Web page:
Newcastle City Council planning staff have raised serious doubts about the transport and parking strategy for the University of Newcastle’s Honeysuckle campus development, labeling significant parts of the plan to be of “significant concern”.
Staff are concerned that the proposal, which includes providing 12 car parking places for 6500 students, has been been developed without evidence to show that it can work.
“While the City of Newcastle supports initiatives for use of sustainable modes of travel and understands that change is essential for long term prospects for the city, applying the yet unproven NewSpace transport strategy to the Honeysuckle City Campus Development and the provision of only 12 “specialised’ parking spaces is a significant concern,” the council’s submission to the Department of Planning says.
“In addition, despite the emphasis on alternative modes of transport, the strategy has not considered in detail the provision of motorbike or bicycle parking on the campus.”
The university’s Parking and Transport Assessment is based on the prediction that about two thirds of staff and students will live in the suburbs surrounding the city. As such they are likely to walk, cycle and use light rail or alternate public transport to commute to the site.
“The opportunity to live and study within a city campus includes an expectation by students that there shall be quality transport opportunities to support this. Such transport opportunities are not expected to include the need to own vehicles and to park (possibly with associated cost),” the university’s strategy says.
But the council’s submission pours cold water on the utopian vision, describing it as ‘unrealistic’.
“It is argued that there are 2500 surplus car parking spaces in the city centre,” the submission says.
“The provision of the Newcastle Light Rail system and other developments in the city centre has had a significant impact on the number of available car parking spaces.”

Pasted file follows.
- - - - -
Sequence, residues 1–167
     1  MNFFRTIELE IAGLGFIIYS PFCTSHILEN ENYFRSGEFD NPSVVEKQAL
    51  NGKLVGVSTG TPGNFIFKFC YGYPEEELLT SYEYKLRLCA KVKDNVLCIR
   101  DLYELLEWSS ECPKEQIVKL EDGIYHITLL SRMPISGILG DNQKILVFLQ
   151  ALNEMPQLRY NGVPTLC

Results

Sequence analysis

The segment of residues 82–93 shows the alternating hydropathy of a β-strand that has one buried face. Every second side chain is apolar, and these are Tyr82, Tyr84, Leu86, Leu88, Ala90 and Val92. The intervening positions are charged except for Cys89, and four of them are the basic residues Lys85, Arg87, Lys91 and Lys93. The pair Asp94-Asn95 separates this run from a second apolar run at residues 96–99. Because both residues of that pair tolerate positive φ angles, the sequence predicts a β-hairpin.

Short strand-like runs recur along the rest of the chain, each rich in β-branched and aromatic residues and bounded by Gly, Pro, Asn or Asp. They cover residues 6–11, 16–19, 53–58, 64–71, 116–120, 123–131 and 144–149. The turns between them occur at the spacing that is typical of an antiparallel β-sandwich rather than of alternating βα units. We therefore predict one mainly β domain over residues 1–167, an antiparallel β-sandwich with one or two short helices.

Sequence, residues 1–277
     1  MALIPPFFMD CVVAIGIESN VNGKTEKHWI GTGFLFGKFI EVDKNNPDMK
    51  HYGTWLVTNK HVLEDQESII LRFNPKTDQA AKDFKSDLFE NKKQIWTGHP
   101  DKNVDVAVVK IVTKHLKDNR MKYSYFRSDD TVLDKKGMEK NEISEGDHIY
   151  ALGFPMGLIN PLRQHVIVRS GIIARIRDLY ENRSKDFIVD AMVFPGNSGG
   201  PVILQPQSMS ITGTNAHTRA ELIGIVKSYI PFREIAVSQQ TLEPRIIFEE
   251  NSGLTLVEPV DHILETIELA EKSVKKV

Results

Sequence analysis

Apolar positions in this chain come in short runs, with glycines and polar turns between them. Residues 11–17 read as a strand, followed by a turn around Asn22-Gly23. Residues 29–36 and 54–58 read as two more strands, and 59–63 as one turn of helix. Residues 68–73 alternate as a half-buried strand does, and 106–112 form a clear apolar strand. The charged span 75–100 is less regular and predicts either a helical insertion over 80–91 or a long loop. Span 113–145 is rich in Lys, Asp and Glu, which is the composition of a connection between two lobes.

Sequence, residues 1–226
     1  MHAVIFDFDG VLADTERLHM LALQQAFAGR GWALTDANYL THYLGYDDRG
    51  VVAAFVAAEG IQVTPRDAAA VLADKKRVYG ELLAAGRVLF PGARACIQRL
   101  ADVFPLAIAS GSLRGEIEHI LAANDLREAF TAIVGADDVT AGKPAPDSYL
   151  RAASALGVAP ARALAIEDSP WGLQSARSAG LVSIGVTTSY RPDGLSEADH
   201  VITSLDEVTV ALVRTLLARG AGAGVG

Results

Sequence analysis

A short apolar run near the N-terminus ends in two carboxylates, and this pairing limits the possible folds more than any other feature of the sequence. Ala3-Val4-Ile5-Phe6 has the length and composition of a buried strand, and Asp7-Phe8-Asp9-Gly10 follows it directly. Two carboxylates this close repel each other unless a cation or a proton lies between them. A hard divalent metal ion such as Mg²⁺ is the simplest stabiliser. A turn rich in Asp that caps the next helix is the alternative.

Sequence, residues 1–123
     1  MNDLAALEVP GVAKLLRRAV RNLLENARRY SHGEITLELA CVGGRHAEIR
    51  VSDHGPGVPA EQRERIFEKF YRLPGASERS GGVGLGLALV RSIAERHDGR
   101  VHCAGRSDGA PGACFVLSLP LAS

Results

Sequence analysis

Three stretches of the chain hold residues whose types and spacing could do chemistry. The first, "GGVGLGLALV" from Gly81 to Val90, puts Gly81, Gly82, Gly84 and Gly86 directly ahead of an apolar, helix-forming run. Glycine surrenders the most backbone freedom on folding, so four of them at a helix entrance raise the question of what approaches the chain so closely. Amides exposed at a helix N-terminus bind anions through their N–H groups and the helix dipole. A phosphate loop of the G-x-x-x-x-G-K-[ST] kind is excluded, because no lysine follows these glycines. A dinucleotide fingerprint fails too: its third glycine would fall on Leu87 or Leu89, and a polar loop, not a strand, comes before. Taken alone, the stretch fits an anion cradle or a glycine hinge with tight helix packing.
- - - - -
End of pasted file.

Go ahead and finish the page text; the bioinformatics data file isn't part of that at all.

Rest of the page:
“Furthermore, such parking is unlikely to be suitable for use by students due to costing and time restrictions. As a result it is anticipated the development will have adverse impacts on the availability of on-street parking in the City Centre and adjoining residential suburbs.”
Council staff also noted that access to public transport within the greater Newcastle catchment was relatively poor. As such, future public transport predictions should not automatically be based on those in cities such as Sydney and Melbourne.
The State Government is the consent authority for the state significant development.
Former Newcastle Lord Mayor Jeff McCloy told The Herald last month the university’s parking plan was a ‘recipe for disaster’ and a “social experiment against the car”
He said the university should be required to provide at least 1000 parking spaces to be compliant with planning regulations.
A Newcastle City Council spokesman said the council supported the proposal to establish a campus at Honeysuckle.
“This development aligns with Civic precinct's rise as a thriving educational and cultural hub under strategic plans supported by all levels of government and the smart city vision adopted by the elected council in July last year,” he said.
The spokesman said the council’s submission offered comment on a range of issues for consideration by the department.
“We would like to see a comprehensive evidence-based transport and parking strategy and trust that these matters will be considered by the Department of Planning and UoN as part of the assessment process,” he said.
A University of Newcastle spokeswoman said the university was generally pleased with the level of engagement and support that the project had received to date.
“Since commencing the planning process for the Honeysuckle City Campus Development, we have actively consulted the community, the City of Newcastle and other relevant authorities,” the spokeswoman said.
“In line with the City of Newcastle’s approach to promoting sustainable travel modes in the CBD, we remain committed to a transport strategy anchored on active and public transport.”
“Following the period of Public Exhibition of the Concept Plan, we are currently preparing our response to the Department of Planning and Environment, where key points of feedback, including transport and parking, will be addressed.”